Each night, more than 6 in 10 individuals sitting in local jails are presumptively innocent. They are fathers, mothers, children and loved ones who have not been convicted, but are simply awaiting their day in court. And, in too many cases, they are there simply because they could not pay a fixed sum of money. At Civil Rights Corps, we have developed a set of policy materials that can help policymakers, advocates and others end this epidemic of wealth-based detention and create systems that truly maximize pretrial liberty. If you have any questions about a document, or require advice on an issue that is not addressed below, please be in touch. -Thea Sebastian, Policy Counsel firstname.lastname@example.org
This model legislation maximizes pretrial liberty, reduces jail and prison populations, and addresses the racial disparities within the current pretrial system.
The Statutory Principles is a one-page overview of the main principles that Civil Rights Corps advocates when pursuing statutory reform. For a more detailed explanation, please see our Statement of Principles.
The Background on Legal Principles presents quick takeaways from Civil Rights Corps litigation and the implications for policymakers.
The Fact Sheet summarizes the extent of the current issue—the epidemic of wealth-based detention and the excessive detention of presumptively innocent individuals—and why bail reform is urgently needed.
The Risk Assessment Policy Statement states our position on algorithmic risk assessment tools
The Financial Case for Bail Reform explains the ways that bail reform can drive down jail populations and produce financial savings for jurisdictions.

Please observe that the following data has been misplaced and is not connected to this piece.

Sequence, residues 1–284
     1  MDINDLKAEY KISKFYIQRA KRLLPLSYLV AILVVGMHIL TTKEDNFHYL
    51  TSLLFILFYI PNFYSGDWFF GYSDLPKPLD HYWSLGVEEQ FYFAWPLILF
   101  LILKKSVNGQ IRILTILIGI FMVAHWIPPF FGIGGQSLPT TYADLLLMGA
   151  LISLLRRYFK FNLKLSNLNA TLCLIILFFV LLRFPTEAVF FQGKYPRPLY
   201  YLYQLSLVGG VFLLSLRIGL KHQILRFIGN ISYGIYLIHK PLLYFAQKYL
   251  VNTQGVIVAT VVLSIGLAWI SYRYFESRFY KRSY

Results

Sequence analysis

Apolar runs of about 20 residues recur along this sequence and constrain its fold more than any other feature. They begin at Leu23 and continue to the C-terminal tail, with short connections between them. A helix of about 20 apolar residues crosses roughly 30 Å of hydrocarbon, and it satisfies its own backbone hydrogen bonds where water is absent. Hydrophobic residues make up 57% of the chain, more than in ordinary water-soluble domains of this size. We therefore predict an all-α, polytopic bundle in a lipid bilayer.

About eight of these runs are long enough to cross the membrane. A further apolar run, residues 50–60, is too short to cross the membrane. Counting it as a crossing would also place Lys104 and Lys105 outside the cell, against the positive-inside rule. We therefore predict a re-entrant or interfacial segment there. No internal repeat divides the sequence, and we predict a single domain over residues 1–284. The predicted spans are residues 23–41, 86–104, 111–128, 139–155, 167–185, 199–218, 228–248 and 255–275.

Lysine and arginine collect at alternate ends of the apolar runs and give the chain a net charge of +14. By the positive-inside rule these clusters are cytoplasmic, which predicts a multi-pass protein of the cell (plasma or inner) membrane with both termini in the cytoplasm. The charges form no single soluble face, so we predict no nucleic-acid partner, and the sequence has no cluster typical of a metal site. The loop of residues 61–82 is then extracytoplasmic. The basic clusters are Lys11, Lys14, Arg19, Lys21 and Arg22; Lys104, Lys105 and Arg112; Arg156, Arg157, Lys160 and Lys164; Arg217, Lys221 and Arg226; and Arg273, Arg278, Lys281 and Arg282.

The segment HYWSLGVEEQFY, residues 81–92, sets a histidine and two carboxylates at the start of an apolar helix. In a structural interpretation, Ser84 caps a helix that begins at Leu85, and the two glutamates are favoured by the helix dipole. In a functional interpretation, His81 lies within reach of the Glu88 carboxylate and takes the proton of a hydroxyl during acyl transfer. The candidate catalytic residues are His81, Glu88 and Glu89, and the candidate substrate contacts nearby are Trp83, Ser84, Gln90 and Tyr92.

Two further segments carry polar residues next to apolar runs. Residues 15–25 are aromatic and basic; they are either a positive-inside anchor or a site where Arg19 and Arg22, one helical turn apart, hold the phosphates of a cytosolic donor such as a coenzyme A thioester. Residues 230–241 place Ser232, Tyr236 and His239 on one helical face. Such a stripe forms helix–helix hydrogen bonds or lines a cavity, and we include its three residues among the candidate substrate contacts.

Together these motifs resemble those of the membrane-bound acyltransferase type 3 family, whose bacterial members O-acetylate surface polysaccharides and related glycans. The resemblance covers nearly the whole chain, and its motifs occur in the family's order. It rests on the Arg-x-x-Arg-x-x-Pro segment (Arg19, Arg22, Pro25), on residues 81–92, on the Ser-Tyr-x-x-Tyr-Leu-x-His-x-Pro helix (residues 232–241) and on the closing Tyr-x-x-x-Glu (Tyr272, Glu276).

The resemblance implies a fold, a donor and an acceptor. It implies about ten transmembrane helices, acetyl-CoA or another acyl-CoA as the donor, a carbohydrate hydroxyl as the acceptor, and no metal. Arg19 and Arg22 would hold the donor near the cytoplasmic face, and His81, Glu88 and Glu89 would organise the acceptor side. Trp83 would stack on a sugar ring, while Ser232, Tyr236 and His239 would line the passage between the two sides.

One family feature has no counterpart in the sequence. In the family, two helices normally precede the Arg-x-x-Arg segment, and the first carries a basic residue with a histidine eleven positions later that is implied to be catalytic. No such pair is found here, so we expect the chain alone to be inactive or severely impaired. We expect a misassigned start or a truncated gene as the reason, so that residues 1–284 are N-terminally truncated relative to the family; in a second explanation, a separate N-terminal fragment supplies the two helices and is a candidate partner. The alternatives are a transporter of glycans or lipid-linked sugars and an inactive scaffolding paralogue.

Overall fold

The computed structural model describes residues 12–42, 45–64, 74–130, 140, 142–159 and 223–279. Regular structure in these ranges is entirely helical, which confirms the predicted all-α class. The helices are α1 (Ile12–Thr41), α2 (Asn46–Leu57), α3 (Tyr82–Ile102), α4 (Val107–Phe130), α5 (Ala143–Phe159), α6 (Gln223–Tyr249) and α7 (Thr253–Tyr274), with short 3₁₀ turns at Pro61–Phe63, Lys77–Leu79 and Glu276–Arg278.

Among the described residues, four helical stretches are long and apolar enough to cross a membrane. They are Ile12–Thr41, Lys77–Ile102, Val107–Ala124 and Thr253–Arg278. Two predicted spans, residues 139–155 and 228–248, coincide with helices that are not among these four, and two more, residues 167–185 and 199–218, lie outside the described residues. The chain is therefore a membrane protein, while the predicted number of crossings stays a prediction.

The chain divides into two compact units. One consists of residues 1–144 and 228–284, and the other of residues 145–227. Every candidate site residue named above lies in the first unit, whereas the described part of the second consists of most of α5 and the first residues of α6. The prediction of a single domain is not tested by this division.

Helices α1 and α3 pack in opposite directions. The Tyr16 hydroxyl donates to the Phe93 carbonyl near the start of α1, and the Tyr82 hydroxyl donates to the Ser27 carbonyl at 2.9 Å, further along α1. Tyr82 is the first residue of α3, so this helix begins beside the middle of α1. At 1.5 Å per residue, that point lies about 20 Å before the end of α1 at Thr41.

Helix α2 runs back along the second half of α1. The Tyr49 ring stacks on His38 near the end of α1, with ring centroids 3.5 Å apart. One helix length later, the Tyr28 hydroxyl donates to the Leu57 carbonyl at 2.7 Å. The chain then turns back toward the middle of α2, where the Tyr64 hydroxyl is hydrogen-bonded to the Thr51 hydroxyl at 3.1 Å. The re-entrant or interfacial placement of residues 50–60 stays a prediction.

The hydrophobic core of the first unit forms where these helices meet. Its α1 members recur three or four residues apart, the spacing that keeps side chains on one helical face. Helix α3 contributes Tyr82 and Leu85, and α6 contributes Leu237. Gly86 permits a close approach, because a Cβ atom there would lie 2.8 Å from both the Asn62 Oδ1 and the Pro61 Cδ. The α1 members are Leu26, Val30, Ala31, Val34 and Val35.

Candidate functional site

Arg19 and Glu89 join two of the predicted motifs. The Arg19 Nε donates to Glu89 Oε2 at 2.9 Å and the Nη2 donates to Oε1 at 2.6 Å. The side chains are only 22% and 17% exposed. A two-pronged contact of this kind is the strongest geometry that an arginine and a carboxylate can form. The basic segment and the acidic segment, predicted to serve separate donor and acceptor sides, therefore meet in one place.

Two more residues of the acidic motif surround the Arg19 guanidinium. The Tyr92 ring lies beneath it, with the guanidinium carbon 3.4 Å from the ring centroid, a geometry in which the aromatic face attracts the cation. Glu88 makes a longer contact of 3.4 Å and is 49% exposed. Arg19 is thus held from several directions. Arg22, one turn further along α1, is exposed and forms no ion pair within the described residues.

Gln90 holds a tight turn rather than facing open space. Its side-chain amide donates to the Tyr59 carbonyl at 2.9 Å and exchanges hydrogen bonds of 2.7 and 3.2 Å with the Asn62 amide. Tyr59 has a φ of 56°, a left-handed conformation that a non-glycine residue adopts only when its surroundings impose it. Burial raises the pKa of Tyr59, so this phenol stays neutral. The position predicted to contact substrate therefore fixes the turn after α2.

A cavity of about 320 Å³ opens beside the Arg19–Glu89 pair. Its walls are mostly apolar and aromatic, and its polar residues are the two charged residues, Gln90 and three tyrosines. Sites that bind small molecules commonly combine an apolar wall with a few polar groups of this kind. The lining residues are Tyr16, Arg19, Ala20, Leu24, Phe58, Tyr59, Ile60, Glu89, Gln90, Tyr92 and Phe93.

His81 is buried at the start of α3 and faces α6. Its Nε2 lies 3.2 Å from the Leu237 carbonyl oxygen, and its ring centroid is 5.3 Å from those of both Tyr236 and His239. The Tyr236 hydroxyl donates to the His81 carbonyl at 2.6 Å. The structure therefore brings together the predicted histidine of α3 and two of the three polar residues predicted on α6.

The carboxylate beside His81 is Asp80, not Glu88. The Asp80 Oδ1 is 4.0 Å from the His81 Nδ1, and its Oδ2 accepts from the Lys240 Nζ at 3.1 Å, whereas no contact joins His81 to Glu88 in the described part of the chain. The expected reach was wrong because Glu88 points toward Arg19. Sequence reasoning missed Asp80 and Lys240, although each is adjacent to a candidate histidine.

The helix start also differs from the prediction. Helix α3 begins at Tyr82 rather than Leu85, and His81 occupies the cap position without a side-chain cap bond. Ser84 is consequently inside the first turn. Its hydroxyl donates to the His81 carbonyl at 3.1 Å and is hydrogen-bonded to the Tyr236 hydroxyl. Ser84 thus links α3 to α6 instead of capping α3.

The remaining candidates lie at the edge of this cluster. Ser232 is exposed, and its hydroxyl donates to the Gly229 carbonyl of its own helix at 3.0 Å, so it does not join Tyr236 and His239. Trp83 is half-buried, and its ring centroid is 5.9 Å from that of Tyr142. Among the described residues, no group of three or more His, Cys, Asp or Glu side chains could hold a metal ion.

A Holistic Framework for Pretrial Justice provides an overview of ways that jurisdictions can build fair, effective systems of pretrial justice—beyond the specific changes that are outlined in our Statement of Principles. These reforms include best practices in pretrial services.
This document provides a brief explanation of why Congress can and should pass legislation directly outlawing wealth-based detention in state courts.
Millions of people have had their driver’s licenses suspended, revoked, or otherwise restricted not because they are a risk to public safety, but simply because they could not pay a debt. At Civil Rights Corps, we have developed a set of policy resources that can help policymakers, advocates and others to end this deeply harmful and counterproductive practice. If you would like a resource that you do not see, or would like our assistance on campaign, please be in touch. - Thea Sebastian, Policy Counsel email@example.com
The Fact Sheet provides basic facts and figures on driver’s license suspension, explaining why this practice is damaging both to the families affected and their communities.
The Benefits of Ending Debt-Based License Suspension explains why ending debt-based license suspension will help make communities safer, more equitable and more prosperous.